Sold it on a couple of months later restored to 50cc for exactly the same money i paid for it and got out on my RD250DX on my 17th .... that's the start of a whole lot more fun and frolics. 

Posted: 29/11/2010 at 15:40

What a fantastic article, brought back loads of memories and laughs.

I had a purple Fizzie and my mate had a gold one, both bought for the same reasons (to get girls) but it didnt work, oh well at least we had lots of fun. Befor I turned 17 I had an RD125 waiting in the garage, but thats onother story.

Posted: 30/11/2010 at 00:03

That brings back memories, I had a FS1E DX, daytona yellow, wicked machine. Me and my mates went everywhere on those things. every two or three weeks they would get stripped down and decoaked. great times.

Posted: 30/11/2010 at 10:03

ye good times, i know one lad whos parents had plenty of dosh so soon as he turned sixteen he got a brand new one, it was yellow and looked the dogs gonads

Posted: 30/11/2010 at 15:11

Sheesh - what to say?  In 1977 there were about 10 of us with 'peds of all makes and models.  I had a Gilera 'Touring', but it was actually a 50cc motorbike, didn't have pedals, and made about 1.5BHP more than all my mates 'peds.  Never would start though, and if I did manage to get it running and it happened to rain (and I lived in Bradford, where I've seen it snow in June), my Dad would have to come out to collect me, sticking as much of my bike as we could in the boot of his old Austin 1800 ... bless him.

My mate Cav had a Gilera Trial, Mark had an AP50, Gary, Sean & Sweaty had Fizzies, Briz had a Garelli Tiger Cross (fast as f*ck that), 2 lads who's names escape me had the those Carballero things, and another had an SS50 (poor sod).  The lads one year older were mainly riding GT250 Suzuki's, and one guy (god) had a GT380 - wow!!  I clearly remember not being able to comprehend how he could take off so fast without looping it.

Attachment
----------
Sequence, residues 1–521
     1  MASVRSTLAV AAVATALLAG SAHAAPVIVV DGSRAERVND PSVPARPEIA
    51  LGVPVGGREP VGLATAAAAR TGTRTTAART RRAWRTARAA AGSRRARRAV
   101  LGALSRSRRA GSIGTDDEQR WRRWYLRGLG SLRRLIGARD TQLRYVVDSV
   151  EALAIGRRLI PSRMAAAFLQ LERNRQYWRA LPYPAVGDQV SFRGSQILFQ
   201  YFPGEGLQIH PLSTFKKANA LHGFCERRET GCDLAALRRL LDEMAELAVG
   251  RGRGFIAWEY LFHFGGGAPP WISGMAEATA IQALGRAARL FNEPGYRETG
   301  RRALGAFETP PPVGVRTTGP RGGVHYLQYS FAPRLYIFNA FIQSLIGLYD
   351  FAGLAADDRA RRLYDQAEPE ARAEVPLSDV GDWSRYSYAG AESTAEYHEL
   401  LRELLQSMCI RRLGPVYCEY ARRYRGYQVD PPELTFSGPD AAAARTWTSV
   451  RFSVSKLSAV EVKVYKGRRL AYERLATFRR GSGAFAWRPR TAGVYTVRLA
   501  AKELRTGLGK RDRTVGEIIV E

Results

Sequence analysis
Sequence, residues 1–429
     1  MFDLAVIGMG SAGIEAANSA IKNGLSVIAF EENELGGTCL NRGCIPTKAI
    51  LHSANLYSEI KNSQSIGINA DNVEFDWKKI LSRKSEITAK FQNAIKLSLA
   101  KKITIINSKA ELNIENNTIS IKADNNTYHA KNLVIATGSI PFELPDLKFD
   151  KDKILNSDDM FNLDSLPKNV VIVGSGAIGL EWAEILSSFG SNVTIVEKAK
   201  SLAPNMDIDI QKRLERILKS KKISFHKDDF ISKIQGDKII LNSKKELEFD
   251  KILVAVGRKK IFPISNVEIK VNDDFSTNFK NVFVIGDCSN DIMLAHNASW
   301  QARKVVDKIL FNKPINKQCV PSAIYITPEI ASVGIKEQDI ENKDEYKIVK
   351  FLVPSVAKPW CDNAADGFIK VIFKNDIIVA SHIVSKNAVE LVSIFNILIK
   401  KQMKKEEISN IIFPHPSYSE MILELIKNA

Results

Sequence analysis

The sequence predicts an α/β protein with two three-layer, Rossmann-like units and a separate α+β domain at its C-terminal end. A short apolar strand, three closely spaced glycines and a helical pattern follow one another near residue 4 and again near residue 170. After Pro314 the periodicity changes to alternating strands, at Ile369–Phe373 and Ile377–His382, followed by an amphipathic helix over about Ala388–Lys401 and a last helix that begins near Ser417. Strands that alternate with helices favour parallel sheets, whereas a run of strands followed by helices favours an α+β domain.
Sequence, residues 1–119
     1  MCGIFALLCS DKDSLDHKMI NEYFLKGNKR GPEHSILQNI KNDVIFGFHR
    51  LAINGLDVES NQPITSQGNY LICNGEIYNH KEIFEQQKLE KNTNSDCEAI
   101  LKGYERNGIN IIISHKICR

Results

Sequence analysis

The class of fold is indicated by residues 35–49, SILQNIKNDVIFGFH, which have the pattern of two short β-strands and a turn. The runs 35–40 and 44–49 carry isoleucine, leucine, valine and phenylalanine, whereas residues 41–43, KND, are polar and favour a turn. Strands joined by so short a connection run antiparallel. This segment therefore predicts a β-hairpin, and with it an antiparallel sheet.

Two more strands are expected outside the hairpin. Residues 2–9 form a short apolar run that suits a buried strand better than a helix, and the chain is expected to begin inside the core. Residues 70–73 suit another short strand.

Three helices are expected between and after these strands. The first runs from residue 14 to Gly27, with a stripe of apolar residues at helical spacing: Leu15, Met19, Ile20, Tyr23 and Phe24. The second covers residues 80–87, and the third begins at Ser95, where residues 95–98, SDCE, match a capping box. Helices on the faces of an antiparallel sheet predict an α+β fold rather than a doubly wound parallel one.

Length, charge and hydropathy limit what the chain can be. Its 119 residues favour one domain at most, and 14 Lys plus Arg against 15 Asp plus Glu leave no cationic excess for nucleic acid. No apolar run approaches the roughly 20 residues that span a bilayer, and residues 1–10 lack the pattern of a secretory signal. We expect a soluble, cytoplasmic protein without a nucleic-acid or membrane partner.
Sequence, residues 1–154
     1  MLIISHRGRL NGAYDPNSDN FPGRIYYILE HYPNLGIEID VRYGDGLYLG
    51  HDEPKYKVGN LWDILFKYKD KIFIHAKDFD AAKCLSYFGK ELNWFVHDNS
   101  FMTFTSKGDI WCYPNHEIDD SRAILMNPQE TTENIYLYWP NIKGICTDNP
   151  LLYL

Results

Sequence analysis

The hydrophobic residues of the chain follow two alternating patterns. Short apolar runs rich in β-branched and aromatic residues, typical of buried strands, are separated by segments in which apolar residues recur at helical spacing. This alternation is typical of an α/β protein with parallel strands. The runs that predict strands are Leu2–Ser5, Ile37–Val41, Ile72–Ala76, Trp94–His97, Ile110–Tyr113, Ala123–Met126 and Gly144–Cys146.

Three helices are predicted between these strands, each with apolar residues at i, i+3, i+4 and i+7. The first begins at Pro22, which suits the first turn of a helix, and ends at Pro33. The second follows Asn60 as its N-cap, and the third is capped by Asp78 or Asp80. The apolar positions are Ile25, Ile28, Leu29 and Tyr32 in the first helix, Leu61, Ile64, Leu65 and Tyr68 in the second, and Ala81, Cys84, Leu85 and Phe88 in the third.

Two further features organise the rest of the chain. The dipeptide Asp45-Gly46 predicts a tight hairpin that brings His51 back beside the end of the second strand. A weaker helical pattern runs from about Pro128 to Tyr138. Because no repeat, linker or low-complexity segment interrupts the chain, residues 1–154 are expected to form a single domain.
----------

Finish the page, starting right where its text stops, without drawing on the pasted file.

I remember the last day of school, being a little pissed having gone to the pub at lunch time (aged 16 of course), driving around within the school grounds 4 up for some reason.  Great times.

Me, Cav & Briz got GT250s when we turned 17, and Mark got an RD250  -s'pose the others got cars.  Me and Cav have pretty much had bikes ever since, and get to the TT most years.  Now my eldest son (and wife actually) have passed their tests, and recon their riding to the TT too - hope so.

Posted: 07/12/2010 at 21:12

At 16 I got a third-hand Puch Grand Prix. Bought off a mate for £50, he'd paid £50 to the original owner when he bought it one year old. No ignition key and no steering lock (not functional anyhow), just ride it and park it, nobody pinched stuff back then!!

Kick start and go with a four-speed 'box. Baffles out and rag it everywhere. Always carry a spare sparkplug as it would foul and refuse to start, but just bung in the spare and off you go. Didn't even need to clean the fouled one, for some reason it was just happy to have it changed over. It didn't pedal and to my knowledge nobody ever managed to actual work the pedal mechanism, it didn't engage into the drive train, so just was for show and legality I guess. But it was my first transport and opened a door to a whole new world. 16, independant, and out for fun.

It was fast for a 50cc too, everyone around would come into our village from surrounding area and race, but it was never beaten. Actually got a genuine ticket for 52 (in a 30) on the flat. Sold it at 17 to another mate for the same £50 and bought a real bike;and so it continues...